Wednesday, August 7, 2013

Camp Lejeune Marine dying because of he was there

Willmar, Minn., vet, who avoided Vietnam, has terminal illness linked to water at Camp Lejeune
West Central Tribune
Tom Cherveny
August 6, 2013

WILLMAR -- John Woodman thought himself lucky

Serving with the U.S. Marine Corps and stationed from 1972 through 1976 at Camp Lejeune in Jacksonville, N.C., he was ordered three times to Vietnam, only to have the orders rescinded each time.

On one occasion he made it as far as the Marine base at Twentynine Palms in southern California before being sent back to Camp Lejeune; on another, his plane was literally turned around in mid-flight.

This March he learned that he has a terminal illness linked to exposure to harmful chemicals that were in the drinking water at Camp Lejeune.

Woodman, 62, of Willmar, is urging other veterans not to rely on their luck.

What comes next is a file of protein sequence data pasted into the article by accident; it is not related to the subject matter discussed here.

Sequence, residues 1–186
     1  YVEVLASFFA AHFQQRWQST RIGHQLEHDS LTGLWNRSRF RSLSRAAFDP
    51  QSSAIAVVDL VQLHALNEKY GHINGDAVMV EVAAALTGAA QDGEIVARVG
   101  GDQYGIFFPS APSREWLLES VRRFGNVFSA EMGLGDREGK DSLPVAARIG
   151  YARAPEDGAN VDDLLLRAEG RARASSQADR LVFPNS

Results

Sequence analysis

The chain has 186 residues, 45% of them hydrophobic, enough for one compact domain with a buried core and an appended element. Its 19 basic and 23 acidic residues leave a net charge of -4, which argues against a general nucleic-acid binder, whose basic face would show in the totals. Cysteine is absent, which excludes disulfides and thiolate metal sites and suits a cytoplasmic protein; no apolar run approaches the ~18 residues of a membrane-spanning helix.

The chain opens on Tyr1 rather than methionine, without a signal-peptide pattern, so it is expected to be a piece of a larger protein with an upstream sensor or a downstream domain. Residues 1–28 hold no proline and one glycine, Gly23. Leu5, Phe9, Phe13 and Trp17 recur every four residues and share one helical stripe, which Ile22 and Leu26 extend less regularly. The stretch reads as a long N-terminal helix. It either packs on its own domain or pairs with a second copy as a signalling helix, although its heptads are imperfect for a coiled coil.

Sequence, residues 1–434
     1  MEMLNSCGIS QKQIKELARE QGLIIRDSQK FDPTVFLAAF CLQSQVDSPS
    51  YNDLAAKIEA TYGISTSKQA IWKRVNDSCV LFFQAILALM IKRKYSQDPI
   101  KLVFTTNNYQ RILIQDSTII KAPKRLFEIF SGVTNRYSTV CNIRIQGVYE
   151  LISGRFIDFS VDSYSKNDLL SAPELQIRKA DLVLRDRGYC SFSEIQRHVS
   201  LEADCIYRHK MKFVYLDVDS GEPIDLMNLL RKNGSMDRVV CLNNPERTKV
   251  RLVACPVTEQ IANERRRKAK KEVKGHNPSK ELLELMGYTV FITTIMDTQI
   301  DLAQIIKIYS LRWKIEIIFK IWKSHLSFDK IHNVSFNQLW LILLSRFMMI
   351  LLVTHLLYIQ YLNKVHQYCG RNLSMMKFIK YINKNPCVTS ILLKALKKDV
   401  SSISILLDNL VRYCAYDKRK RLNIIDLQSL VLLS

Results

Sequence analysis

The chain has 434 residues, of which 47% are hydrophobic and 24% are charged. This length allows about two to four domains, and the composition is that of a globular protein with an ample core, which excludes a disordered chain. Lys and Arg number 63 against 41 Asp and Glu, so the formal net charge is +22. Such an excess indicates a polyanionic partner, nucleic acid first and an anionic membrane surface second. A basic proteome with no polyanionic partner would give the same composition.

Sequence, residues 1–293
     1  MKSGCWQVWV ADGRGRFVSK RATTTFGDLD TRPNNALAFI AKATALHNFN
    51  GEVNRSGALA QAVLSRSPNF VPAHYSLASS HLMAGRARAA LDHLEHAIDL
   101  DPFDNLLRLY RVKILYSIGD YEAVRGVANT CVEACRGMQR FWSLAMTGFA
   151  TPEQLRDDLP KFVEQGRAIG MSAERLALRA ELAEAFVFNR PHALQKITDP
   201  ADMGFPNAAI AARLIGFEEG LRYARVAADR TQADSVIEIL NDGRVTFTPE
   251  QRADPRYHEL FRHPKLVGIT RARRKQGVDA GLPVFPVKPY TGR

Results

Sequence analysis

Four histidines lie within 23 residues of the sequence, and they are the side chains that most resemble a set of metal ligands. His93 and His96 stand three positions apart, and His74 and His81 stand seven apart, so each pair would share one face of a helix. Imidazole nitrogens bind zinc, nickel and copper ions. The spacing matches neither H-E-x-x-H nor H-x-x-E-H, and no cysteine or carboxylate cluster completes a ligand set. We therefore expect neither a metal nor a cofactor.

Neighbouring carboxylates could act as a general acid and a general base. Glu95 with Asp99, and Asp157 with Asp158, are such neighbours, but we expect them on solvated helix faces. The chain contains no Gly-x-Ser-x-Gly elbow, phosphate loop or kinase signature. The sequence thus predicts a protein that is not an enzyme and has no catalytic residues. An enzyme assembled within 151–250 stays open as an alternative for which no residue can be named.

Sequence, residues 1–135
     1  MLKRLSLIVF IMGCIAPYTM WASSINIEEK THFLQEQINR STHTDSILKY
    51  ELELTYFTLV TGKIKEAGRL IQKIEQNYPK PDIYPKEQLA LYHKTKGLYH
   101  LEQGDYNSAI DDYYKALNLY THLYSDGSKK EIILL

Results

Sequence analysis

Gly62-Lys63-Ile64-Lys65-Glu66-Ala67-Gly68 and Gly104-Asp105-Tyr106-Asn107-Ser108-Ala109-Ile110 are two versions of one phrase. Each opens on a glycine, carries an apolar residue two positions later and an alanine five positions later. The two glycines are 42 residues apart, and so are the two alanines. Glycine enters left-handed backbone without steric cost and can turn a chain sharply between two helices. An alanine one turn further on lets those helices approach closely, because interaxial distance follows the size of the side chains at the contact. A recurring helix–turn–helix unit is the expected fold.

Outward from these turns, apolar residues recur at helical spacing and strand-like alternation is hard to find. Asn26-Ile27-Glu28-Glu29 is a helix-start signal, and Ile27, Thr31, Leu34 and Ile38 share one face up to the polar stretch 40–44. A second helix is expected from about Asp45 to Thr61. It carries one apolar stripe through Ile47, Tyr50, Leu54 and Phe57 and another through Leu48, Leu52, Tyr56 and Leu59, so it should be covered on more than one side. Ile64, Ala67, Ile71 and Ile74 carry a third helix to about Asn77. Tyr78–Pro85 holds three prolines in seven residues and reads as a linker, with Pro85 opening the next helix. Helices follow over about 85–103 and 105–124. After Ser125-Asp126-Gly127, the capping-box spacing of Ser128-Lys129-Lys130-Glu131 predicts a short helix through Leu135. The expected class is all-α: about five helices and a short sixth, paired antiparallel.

Well aware of the backlog in claims being handled by the Veterans Association, Woodman is telling veterans to move quickly to establish their medical record with the VA.

In his case, he is worried that the medical costs he will incur due to his diagnosis with Myelodysplastic disorder will take a toll on his retirement savings before he can receive the compensation the VA is required by law to provide.

He is also urging veterans who were at Camp Lejeune to obtain physicals and learn about the illnesses associated with the contaminated water. Veterans and their families living or serving at the base were possibly exposed to contaminated water from the 1950s to the 1980s, according to the U.S. Department of Veteran's Affairs.
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